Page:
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Greenhouse Market closes

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by Karen E. Culp

SBJ Staff

Stick a fork in them, they're done.

Greenhouse Market closed its doors to Springfield shoppers and diners at 7 a.m. July 7. The eatery, which was a combination restaurant and home meal replacement store, was about two months away from its one-year anniversary in Springfield, said Mark Gideon, spokesman for Noble & Associates, the local company that owns the Greenhouse Market.

Greenhouse Market opened in September 1997 at 3662 S. Glenstone, and when it did, it brought a new concept to Springfield, said Bob Noble, founder of Noble & Associates and of the Greenhouse Market.

The concept came out of a growing consumer trend toward "convenient meal solutions," Noble said. Though most people prefer not to cook, they prefer to eat at home. Therefore, they need a way to get a quality meal without having to prepare it or go to a restaurant, Noble said.

"The idea was to make good food food that is made from scratch available in such a way that it can be taken home, heated and eaten," Noble said.

The problem for the Greenhouse Market was that not enough of its business was of the home meal replacement variety. Most people were eating at the Greenhouse Market as they would any other restaurant, and the prepared foods were not selling as well as they should have.

"We had considerable interest in the home meal replacement side of it, but there just weren't enough people interested in it," Noble said.

The restaurant didn't fail, Noble said, but the "Better Food to Go" side of the operation failed.

"Springfield is a wonderful test market, and it's a tough test market, and we knew that starting out. We knew it would be a challenge to create this new supermarket/ grocery store concept," Noble said.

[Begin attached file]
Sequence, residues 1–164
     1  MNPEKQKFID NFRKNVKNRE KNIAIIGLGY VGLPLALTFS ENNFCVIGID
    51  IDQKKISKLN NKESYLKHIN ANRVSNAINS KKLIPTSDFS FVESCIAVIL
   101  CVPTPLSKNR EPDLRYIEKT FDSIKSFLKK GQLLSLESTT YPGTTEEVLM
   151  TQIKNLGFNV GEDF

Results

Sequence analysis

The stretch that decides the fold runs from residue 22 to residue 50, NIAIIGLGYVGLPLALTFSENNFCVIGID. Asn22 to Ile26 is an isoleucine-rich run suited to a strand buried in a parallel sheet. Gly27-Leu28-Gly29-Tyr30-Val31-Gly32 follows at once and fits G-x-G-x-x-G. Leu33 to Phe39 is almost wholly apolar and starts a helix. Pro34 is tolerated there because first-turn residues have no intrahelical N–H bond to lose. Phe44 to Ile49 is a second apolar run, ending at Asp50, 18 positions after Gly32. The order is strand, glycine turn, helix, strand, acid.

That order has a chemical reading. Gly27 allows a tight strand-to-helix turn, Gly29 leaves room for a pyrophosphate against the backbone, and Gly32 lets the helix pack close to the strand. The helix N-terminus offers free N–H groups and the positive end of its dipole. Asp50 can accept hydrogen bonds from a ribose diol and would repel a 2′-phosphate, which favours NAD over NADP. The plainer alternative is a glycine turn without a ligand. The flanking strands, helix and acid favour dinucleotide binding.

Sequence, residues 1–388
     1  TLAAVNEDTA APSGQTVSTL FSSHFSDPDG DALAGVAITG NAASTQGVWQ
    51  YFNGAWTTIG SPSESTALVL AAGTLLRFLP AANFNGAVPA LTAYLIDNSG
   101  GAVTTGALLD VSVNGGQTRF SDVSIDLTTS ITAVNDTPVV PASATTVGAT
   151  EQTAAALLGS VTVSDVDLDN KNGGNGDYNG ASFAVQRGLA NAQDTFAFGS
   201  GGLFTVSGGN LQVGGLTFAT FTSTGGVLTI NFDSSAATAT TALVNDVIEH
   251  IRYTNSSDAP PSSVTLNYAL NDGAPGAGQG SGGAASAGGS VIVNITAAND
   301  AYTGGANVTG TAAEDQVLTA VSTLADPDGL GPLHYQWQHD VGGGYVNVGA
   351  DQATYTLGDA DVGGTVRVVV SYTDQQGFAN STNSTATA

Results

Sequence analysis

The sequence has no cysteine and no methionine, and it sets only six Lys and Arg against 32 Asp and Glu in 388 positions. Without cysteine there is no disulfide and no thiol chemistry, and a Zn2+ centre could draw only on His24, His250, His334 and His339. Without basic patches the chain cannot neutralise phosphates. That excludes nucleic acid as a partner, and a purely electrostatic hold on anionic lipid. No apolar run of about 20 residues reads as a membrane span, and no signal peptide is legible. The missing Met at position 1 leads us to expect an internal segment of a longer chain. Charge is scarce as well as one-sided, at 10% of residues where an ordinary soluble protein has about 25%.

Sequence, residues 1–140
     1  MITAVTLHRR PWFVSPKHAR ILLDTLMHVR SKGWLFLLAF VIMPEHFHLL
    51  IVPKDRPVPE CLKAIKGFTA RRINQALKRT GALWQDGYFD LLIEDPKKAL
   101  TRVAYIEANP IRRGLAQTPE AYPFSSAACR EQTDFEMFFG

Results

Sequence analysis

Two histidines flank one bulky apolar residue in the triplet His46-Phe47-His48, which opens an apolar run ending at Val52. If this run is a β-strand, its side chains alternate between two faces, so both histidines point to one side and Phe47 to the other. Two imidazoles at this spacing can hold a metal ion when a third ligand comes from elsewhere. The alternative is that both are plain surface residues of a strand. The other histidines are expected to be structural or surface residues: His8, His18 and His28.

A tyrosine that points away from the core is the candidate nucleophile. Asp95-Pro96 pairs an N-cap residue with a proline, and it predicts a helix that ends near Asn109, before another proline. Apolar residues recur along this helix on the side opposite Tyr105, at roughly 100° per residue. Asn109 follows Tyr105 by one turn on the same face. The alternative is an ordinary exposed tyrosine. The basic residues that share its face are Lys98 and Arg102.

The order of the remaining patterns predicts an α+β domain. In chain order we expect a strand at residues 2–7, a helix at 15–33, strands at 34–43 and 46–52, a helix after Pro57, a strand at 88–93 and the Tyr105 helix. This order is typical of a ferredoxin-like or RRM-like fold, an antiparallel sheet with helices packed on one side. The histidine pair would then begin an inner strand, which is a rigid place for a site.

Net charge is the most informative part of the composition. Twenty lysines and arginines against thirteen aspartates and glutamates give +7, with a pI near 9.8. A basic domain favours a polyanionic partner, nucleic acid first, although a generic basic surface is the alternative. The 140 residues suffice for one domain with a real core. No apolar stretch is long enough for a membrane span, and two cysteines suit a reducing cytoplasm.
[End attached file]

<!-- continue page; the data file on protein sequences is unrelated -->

The Greenhouse Market employed about 75 people and spent the days after the closing helping those workers find other jobs, Gideon said. The company held a workshop and job fair for the former employees July 9.

Approximately 12 of the staff members were salaried; most salaried employees received severance pay.

The building that housed Greenhouse Market is owned by Noble. The company will either look at converting it into a research and development center or, if an offer is made, selling it. Fixtures and furniture will remain for now, Noble said. The fork sculpture outside the building will become part of the landscape at Noble's new headquarters in Chesterfield Village.

Noble said it was important not to look at the Greenhouse Market's closing as another south-side restaurant failing.

"The restaurant didn't fail. Better Food to Go failed. If we'd added 100 more seats to the restaurant, we would have filled them, but we weren't doing the business we needed to on the home meal replacement side," Noble said.

The concept is one that could be tried in other markets, Noble said, but the company has no immediate plans to try a Greenhouse Market-type business somewhere else. Right now, it will concentrate on the advertising agency end of its business, which is "growing exponentially," Noble said.

Both Noble and Gideon said they felt Springfield had lost a gift with the loss of Greenhouse Market.

"People out there should learn a lesson from this: if you like a locally owned place, you'd better support it," Gideon said.

"Springfield will have lost an important piece of its quality of life with the loss of Greenhouse Market," Noble said.

Trip Kadey, who co-owns the James River Grill, said the Springfield market is somewhat saturated with eateries on the south side. His restaurant is also experimenting with home meal replacement, though not as a grocery-type business. James River Grill has a drive-up window where it sells complete barbecue dinners to take home.

"The home meal replacement is an area where we could do better. We haven't probably put as much marketing into it as we should have yet. That is an area we're going to try to expand," Kadey said.

Kadey said he was "sad to see the Greenhouse Market go," and that the business didn't fail because it was not a good business, but because of the market.

"I think it was a market issue that led to their failure. In this particular spot ... there just wasn't a market for it," Kadey said.

Noble said Springfield was smaller than most markets where a concept like the Greenhouse Market has succeeded.

"Springfield lacks about 150,000 in population," Noble said.

The company will now focus on getting its new corporate headquarters built and ready, Gideon said. A deal to purchase another building in Chesterfield Village, the former Ry Bread and Apple Cor's building, has not yet closed, Gideon said.

Catering orders will continue to be honored, as will gift certificates, which are now redeemable at Ristorante Teatro.


Springfield "lost a gift" when Greenhouse Market closed, said spokesman Mark Gideon. The market opened in September 1997 to test the market for home meal replacement in the area.[[In-content Ad]]


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